AUGUSTA, Ga. — Resplendent in her popping pinks, verdant greens and luminescent whites, she’s the prettiest girl in town, the captain of the cheerleading team with a smile that lights up the room.
Truth is, Golden Bell didn’t always look this way. In the 1950s, Augusta National’s 12th hole was tousled and unkempt, patchy grass and dirt fronting Rae’s Creek, a hideous yellow hazard line marking her bank and a garish chain-link fence behind, not an azalea in sight. Hell, the best par 3 in golf wasn’t even the 12th at the start. When the Augusta National Invitational Tournament began in 1934, the back nine was the front nine and vice versa, meaning the 155-yard gem was the third hole.
It was in that inaugural tournament that Bobby Jones became distracted by a cameraman, asked him to stop moving and promptly deposited his tee shot on the hole to its watery grave. By the time the club reopened in the fall of that year, the nines had been swapped, Clifford Roberts saying the change was made because play could begin earlier after a frost on what is the current front nine thanks to its higher elevation.
If the Masters has become a place to be seen, then the 12th, the middle hole in Herb Wind’s Amen Corner, has long been the place to see. “Let’s find a spot,” one spectator says in a southern accent as thick as marmalade, a green nylon folding chair over his shoulder and his elderly dad en tow. “This is god’s country.”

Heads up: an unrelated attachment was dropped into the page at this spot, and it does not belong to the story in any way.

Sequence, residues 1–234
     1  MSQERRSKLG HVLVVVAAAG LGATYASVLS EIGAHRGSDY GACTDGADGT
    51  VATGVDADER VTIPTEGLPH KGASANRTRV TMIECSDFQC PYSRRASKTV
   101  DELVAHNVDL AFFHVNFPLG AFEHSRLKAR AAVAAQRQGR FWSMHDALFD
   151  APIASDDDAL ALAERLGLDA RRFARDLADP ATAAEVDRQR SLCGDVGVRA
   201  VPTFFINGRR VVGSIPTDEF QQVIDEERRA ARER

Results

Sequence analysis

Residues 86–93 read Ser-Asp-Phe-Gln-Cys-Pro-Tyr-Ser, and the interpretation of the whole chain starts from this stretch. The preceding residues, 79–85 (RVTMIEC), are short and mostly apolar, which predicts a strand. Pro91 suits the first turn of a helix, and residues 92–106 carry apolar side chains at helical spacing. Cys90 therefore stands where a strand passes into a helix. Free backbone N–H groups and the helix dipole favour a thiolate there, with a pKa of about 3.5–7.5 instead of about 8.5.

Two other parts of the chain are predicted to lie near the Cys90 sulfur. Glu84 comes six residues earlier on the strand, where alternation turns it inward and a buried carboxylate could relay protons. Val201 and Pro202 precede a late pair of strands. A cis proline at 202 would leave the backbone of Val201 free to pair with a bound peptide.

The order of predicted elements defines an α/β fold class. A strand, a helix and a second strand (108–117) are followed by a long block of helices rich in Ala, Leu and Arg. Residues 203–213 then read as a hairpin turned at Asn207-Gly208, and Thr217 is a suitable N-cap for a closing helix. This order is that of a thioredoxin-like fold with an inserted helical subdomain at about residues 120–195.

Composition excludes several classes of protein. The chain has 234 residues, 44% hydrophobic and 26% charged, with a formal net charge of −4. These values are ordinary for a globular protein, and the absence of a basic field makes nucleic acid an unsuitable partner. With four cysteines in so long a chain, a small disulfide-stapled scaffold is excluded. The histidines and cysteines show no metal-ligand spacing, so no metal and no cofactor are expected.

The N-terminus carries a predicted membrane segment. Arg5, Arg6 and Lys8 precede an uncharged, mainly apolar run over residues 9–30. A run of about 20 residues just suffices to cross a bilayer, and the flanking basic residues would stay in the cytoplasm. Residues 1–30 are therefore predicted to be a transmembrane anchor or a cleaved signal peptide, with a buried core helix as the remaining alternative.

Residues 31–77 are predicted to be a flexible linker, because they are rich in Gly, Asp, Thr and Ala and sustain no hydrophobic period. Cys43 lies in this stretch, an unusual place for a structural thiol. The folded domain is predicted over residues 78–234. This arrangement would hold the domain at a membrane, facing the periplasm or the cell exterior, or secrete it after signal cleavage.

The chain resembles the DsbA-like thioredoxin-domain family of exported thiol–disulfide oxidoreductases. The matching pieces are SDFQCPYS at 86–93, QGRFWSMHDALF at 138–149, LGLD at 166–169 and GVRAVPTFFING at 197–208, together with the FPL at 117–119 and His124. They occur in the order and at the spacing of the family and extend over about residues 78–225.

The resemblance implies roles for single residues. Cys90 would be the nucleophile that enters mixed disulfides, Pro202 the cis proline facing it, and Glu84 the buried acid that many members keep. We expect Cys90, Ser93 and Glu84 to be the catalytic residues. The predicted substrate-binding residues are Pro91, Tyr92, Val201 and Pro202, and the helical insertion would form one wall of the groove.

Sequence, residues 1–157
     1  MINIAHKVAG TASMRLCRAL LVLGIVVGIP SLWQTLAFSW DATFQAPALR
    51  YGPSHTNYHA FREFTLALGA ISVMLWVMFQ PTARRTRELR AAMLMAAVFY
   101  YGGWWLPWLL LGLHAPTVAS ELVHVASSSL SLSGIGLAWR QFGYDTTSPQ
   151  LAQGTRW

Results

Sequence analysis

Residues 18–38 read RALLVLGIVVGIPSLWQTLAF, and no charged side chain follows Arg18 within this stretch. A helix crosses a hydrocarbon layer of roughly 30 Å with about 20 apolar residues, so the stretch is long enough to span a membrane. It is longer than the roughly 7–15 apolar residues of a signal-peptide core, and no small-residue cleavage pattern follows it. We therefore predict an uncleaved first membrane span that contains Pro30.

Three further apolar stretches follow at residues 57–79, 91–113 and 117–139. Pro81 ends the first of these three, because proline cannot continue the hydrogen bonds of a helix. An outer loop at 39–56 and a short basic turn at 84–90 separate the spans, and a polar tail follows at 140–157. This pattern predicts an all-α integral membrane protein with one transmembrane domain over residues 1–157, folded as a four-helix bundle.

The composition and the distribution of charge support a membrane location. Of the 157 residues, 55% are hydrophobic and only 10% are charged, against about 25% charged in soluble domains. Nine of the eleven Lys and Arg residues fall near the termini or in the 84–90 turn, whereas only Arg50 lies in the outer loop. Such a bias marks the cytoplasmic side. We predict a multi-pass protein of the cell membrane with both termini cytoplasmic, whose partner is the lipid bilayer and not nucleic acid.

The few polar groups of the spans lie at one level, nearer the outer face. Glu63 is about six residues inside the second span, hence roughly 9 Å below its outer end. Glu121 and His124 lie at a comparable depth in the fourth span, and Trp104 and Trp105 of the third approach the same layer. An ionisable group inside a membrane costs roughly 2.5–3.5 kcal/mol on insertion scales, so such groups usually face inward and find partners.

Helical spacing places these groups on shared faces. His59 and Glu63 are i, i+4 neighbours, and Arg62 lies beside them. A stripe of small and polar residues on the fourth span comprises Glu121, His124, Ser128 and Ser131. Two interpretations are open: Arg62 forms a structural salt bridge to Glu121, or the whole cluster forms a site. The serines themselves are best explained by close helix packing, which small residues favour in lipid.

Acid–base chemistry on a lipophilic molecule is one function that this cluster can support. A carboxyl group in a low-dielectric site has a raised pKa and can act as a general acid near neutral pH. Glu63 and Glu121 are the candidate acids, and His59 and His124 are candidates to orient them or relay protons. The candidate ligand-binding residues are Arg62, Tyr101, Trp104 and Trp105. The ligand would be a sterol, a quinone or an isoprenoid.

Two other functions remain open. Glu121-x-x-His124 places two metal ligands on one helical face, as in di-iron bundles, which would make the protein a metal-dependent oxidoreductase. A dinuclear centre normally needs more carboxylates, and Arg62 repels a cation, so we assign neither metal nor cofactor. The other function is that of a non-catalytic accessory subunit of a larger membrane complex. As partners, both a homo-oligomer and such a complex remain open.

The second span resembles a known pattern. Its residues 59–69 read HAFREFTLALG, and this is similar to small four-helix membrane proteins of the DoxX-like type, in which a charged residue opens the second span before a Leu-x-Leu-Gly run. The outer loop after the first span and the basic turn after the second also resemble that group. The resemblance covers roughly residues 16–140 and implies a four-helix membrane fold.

It is, indeed, a glorious Friday, midmorning, temperature in the upper 60s, a smattering of puffy white clouds against the blue sky, the green mostly covered in shade, the little yellow flag in the distance dancing in a gentle but swirling breeze. From the two grandstands that face the adjacent 11th green and angle toward the nearby 12th tee, it’s like looking at a painting. From the ground, it’s like living in one, feeling every slope beneath the feet and all those dastardly breezes the players must contend with in the air.
The 12th tee flows up from the 11th green to its left, and the ever growing 13 tee is off in the distance to the right. Rae’s Creek looms dastardly in sight. Near the lowest point on the course, it all gives rise to one of the more perfect spots to spend an afternoon watching golf, or watching nothing at all.
Painted dark green lines on the grass outline an area to unload one of those dark green folding chairs, a few hundred or more already in place a couple dozen yards in front of the grandstands. Each has a business or note card with a name displayed in a clear plastic sleeve on the back. All but two feature the tournament’s logo. Little white signs with Masters green lettering designate it a “Sitting Area” with the words “No Smoking” beneath. Tranquility incarnate.